Last week I had the pleasure of speaking at the prestigious IRCAM, a Music & Technology institution in Paris. If you’ve unfamiliar with IRCAM it’s worth doing a little digging, they’re the place where Max was first created, a music/sound programming environment that’s become the standard in visual programming environments for realtime sound installations and too many music projects to name.
I spoke about creating new instruments, the challenges of creating a Rapid prototyping workshop for instruments and why I chose to make the workshop about hacking existing instruments. The talk was received well and the discussion that followed was excellent.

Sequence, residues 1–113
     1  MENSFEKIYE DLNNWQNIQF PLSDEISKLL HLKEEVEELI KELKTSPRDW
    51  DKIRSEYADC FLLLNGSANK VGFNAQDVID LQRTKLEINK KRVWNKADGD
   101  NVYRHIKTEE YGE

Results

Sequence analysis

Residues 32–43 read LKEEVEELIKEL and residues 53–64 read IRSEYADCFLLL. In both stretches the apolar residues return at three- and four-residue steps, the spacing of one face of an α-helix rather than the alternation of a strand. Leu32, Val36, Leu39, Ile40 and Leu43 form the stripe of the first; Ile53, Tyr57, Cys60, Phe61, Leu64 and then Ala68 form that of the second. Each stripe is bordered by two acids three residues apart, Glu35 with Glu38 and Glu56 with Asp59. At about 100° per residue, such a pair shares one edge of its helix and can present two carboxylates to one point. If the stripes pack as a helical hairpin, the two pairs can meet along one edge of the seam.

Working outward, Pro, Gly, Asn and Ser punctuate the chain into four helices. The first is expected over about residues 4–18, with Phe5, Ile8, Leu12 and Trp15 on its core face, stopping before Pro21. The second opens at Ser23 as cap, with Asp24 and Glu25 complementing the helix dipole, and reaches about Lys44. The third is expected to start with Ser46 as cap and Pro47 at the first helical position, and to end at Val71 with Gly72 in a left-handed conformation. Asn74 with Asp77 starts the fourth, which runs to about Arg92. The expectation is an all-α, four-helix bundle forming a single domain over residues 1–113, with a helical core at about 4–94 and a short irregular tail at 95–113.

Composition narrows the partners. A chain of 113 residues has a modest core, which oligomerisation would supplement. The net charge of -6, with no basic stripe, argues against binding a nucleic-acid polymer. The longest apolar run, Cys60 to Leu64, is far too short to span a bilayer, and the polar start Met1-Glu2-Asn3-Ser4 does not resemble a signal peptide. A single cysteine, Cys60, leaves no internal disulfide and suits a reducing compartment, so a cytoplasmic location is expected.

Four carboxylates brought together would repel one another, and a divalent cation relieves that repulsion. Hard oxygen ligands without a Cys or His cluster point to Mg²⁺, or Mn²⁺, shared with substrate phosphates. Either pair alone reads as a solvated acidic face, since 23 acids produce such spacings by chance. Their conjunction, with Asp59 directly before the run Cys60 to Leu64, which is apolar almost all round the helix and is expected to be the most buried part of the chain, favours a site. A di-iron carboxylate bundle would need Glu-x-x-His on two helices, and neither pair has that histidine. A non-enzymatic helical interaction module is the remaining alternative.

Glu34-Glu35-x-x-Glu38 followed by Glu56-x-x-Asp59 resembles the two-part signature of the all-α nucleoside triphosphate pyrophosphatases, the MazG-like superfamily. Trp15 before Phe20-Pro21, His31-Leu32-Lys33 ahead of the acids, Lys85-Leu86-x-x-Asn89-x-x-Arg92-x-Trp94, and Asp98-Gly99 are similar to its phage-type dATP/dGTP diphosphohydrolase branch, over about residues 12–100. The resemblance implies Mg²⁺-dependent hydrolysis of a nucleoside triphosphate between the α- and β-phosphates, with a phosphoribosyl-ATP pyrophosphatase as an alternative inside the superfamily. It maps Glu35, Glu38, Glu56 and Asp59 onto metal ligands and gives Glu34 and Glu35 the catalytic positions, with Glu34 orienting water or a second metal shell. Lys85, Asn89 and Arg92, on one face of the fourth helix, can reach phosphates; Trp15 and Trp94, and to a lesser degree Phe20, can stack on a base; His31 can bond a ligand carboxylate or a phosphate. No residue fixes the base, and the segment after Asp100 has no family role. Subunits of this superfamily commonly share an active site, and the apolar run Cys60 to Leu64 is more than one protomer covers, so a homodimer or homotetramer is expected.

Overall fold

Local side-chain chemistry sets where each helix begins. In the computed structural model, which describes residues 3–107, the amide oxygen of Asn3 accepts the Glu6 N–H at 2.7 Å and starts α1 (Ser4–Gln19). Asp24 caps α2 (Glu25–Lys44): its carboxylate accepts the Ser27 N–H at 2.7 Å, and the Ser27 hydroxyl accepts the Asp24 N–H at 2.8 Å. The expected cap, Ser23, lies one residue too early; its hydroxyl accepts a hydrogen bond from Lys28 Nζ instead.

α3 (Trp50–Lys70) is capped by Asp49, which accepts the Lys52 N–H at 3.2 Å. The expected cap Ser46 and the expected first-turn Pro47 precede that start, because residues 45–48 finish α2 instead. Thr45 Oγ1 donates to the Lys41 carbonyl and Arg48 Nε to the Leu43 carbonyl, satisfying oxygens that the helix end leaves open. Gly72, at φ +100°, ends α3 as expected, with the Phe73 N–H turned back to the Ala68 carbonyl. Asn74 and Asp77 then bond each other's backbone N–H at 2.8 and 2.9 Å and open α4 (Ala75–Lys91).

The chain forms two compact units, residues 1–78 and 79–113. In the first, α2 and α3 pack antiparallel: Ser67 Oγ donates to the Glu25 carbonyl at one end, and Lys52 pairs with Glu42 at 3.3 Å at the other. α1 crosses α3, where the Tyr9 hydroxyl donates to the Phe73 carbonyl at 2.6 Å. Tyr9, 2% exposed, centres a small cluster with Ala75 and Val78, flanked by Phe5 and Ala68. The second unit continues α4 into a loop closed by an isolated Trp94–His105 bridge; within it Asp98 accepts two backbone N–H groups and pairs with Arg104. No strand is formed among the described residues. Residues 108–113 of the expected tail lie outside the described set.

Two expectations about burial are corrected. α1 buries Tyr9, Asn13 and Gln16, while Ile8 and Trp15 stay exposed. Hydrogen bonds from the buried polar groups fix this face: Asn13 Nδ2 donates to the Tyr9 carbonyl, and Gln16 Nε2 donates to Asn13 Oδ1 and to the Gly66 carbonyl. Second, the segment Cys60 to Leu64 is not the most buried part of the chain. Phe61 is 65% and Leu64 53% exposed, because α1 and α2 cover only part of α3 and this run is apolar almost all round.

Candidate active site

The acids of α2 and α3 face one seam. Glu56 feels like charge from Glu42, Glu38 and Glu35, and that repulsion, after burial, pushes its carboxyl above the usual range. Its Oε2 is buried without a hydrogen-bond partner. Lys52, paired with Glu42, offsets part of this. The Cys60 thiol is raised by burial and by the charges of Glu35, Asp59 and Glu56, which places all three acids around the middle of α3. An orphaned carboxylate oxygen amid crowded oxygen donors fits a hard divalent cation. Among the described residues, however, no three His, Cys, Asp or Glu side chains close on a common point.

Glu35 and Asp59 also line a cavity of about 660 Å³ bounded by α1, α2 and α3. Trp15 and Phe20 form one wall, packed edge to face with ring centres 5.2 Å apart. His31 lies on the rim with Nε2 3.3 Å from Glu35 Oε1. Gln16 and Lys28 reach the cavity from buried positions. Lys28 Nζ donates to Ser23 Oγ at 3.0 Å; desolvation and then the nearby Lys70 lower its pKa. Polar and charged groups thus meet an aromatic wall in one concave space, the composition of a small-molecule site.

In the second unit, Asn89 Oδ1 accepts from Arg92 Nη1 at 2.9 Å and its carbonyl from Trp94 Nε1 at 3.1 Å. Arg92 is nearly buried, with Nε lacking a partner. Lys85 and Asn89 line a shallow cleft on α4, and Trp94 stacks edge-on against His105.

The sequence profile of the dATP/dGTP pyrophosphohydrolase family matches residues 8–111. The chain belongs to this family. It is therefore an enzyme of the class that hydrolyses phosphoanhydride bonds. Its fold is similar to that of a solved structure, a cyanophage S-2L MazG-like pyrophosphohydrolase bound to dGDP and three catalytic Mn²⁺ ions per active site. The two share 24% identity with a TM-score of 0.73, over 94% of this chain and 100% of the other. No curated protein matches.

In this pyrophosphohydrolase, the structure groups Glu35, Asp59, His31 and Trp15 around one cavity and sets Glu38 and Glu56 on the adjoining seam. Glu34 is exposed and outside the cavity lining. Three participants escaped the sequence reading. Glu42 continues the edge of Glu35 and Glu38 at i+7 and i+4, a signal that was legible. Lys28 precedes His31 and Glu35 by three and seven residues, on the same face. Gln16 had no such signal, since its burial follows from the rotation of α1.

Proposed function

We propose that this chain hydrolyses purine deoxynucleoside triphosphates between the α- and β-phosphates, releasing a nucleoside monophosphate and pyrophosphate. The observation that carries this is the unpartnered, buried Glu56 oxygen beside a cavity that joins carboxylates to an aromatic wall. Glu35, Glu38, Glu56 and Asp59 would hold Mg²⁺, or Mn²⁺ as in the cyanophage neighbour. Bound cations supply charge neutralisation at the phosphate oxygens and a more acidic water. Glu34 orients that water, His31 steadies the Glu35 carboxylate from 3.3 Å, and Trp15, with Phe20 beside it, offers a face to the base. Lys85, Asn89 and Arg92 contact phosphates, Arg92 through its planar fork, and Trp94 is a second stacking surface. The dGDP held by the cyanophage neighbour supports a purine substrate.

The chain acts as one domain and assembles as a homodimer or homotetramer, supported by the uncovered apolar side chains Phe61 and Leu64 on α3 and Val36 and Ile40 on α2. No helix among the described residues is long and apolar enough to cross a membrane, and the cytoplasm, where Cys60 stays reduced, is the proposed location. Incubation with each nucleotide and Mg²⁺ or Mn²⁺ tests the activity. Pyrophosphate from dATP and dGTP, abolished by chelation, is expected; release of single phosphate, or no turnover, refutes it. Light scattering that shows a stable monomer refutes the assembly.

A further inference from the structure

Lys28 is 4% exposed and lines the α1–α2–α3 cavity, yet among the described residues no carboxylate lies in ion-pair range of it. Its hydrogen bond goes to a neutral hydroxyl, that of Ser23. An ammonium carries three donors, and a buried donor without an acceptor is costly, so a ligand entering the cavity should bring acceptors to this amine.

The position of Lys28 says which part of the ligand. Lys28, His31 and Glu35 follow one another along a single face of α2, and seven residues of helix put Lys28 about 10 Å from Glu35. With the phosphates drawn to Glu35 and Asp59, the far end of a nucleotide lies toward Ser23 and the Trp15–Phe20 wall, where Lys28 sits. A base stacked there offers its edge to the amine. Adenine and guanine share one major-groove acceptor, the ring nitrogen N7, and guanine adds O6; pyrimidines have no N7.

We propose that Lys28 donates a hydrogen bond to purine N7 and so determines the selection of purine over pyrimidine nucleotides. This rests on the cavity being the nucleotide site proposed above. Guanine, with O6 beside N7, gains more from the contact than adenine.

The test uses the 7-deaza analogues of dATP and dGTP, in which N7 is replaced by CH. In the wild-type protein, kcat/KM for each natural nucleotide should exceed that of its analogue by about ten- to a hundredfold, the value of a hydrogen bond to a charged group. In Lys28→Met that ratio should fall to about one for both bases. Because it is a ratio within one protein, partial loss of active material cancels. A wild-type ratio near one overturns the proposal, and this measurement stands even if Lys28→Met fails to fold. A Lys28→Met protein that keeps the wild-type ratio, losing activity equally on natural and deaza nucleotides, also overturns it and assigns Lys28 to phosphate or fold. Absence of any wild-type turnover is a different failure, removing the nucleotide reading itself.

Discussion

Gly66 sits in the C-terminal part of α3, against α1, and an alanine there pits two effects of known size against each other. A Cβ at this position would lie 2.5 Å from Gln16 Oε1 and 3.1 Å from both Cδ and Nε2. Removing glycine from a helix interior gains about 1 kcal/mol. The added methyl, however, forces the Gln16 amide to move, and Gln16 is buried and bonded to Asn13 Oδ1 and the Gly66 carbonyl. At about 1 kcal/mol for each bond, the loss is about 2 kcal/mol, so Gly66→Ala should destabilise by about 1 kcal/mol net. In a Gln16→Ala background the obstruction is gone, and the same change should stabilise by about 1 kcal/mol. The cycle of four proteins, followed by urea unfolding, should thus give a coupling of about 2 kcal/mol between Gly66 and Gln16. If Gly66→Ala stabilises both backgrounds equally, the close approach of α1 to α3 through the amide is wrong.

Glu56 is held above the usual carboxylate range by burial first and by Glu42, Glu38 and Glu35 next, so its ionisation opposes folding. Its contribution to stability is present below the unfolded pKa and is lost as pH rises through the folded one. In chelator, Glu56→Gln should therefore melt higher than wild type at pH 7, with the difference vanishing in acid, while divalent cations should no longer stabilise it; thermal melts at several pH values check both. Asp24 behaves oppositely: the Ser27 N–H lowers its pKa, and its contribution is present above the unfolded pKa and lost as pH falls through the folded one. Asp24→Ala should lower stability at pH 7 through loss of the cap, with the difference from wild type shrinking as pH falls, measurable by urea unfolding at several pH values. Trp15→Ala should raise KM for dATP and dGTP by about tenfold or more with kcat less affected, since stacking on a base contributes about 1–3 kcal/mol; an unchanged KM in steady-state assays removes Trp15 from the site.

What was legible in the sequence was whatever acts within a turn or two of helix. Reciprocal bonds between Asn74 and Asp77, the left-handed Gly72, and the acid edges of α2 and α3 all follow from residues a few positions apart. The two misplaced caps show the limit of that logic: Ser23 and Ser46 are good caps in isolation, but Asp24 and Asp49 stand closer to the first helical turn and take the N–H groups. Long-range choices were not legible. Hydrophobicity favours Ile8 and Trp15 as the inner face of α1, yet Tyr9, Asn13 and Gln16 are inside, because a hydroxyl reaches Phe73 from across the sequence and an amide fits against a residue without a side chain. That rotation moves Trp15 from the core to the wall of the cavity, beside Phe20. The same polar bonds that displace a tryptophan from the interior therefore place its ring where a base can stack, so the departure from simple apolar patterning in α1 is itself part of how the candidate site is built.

Here are some of the major points from the discussion:
Does hacking an existing instrument limit the types of results in the workshop?
How can we lower the barrier for learning to code? It seems that the capacity/perception of programming is established early on in people’s education and many have huge psychological blocks to programming.
When creating a hardware kit for prototyping my approach is to maximize the range of possibilities but by limiting the choices we might be able to get to more fully-realized prototypes, ie. higher fidelity.